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    Again, you have not understood what the "scientific method" is. It has isn't restricted to your requirement. And you seem to have ignored the example I gave. Many of the things you are using now are based on our 'extrapolation' of where things are. Would you believe that the band structure calculations being used to describe the semiconductors you are using in your modern electronics (including your computer) is based on calculations done at ZERO KELVIN? For many materials, only at T=0 is the only place where we can actually obtain any kind of solution to know and infer its behavior. Yet, using your criteria, this isn't a 'scientific method', since we have never made any "actual observation" of T=0. For some odd reason, a logical inference isn't part of your standard vocabulary, whereas it certainly is a BIG part of the vocabulary of scientists and scientific methodology.

    This isn't about the Big Bang theory. Rather, it is about your false impression of how science works. Your objection to how we arrive at the BB can be used against all aspects of physics. Yet, you have made full use of the advancements made in physics, and the fact that they WORK, means that such methodology is valid. Can you say the same with your methodology and criteria?

    That's OK. I won't hold that against you.

    Zz.
     
  14. Sep 18, 2007 #13

    Hurkyl

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    By 'zero', I mean the number that is one less than one.
     
  15. Sep 18, 2007 #14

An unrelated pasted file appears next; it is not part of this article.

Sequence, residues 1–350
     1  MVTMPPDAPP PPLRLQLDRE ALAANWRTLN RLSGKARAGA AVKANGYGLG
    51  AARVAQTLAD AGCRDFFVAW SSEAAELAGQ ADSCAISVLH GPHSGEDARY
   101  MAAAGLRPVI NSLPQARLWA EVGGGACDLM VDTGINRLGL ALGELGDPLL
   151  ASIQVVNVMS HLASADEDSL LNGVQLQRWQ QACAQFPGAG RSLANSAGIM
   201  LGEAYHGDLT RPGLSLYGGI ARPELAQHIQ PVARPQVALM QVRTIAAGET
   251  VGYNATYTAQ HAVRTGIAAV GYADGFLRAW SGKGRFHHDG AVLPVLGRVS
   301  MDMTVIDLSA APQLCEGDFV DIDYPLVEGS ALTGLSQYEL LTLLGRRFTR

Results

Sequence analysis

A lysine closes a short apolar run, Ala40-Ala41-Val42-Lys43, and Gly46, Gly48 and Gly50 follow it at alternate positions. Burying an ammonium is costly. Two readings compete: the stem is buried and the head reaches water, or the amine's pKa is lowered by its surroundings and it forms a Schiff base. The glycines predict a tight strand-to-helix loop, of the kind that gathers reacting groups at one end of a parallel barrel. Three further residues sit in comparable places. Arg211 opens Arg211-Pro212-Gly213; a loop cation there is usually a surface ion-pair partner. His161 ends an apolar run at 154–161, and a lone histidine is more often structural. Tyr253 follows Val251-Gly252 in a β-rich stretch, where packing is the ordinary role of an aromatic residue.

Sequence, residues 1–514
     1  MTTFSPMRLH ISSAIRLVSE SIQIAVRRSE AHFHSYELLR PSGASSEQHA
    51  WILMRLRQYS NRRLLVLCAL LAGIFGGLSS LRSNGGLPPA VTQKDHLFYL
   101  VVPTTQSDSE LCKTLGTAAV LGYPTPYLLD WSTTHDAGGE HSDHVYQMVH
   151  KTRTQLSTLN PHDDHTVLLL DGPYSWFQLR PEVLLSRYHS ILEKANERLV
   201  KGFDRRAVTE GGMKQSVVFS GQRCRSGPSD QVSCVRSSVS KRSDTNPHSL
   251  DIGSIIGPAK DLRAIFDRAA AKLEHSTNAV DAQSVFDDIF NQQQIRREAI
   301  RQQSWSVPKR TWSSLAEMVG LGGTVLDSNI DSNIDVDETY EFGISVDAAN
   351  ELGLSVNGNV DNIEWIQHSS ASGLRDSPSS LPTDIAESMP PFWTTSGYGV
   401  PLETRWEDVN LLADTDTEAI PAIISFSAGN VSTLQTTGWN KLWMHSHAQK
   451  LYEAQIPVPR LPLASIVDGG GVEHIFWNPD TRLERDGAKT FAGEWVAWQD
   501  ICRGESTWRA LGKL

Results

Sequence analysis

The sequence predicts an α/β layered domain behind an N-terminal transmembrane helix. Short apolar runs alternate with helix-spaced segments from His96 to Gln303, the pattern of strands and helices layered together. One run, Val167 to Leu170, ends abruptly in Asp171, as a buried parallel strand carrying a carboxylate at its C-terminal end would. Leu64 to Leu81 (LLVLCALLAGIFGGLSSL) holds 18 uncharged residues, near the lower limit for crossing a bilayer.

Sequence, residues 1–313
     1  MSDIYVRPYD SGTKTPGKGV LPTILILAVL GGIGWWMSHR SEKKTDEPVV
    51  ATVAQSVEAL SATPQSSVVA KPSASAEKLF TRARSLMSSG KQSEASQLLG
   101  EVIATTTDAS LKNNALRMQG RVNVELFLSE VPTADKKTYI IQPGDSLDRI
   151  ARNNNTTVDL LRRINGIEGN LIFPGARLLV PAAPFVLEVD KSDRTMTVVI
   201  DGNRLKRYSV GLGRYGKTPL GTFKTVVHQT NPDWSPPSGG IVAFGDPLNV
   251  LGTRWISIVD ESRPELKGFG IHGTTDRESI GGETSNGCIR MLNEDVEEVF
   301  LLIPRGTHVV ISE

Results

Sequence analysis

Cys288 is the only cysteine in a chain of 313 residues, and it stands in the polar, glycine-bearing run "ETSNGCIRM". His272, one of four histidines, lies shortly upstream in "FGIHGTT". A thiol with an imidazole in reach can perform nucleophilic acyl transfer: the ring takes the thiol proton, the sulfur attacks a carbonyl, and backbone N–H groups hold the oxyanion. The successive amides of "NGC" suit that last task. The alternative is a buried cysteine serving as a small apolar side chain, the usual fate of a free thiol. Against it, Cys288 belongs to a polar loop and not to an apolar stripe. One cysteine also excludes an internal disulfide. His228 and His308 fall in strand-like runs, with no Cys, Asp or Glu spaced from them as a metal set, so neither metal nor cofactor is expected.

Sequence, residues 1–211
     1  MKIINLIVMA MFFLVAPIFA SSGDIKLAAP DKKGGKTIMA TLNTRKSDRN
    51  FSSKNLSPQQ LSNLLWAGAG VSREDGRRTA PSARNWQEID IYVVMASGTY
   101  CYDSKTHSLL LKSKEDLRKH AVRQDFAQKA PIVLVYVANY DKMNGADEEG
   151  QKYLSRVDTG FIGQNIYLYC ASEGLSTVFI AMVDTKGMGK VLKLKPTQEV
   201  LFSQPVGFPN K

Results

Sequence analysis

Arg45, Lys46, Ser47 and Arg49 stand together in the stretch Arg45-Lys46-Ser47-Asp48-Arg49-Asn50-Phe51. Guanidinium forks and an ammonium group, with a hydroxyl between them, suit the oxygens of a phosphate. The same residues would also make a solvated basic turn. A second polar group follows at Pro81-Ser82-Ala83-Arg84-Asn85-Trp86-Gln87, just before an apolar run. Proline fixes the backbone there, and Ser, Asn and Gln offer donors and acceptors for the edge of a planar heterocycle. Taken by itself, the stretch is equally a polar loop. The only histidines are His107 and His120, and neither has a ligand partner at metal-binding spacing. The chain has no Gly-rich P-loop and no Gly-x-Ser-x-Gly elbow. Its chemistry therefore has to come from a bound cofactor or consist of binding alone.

A great example of the scientific method. The scientific method includes speculative hypotheses, projections, extrapolations, logical deductions/inferences and luck. But the scientific method is not completed--truth established--until it is verified & validated, in real time by an observer/experimenter or consumer. It requires that the 'chip', or the computer, work in the real world in real time and work every time it is challenged to do so.

    The success/unsuccess of the empirical observation/experiment is what validates/invalidates all (or part) of that which went before.

    The example of being hit in the back was not so good of an example if it is a one time event. The hypothesis and logical deduction/inference in steps one and two were only part of the sceintific method.
     
  16. Sep 19, 2007 #15

    ZapperZ

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    But that is why we CONTINUE to make more observations to test the BB model!

    By its nature, field of study such as cosmology would never have the same degree of certainty as condensed matter/material science. That is a given. However, that is no reason to dismiss it, because many of the models do not have JUST ONE observations to validate their existence. It is based on a series of different type of observations. In fact, experimental particle physics done in particle accelerators are also contributing to the validity of such models (check particle astrophysics).

    All of these observations and the building of new observatories/telescopes are equivalent to doing experiments in cosmology. It IS part of the scientific method!

    Zz.
     
  17. Sep 19, 2007 #16
    That would be any number except zero. It is meaningless to state that something real has zero volume or zero area. Zero volume and zero area have never been observed or experienced. Why would anyone assume that anything real had zero volume?...maybe because the math is easier.
     
  18. Sep 19, 2007 #17

    ZapperZ

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    You are forgetting one important thing here. Maybe when you get to such a scale, the concept of "length" or "space" no longer has any meaning. That can easily be argued that that is why assigning such things as "point" particles WORKED!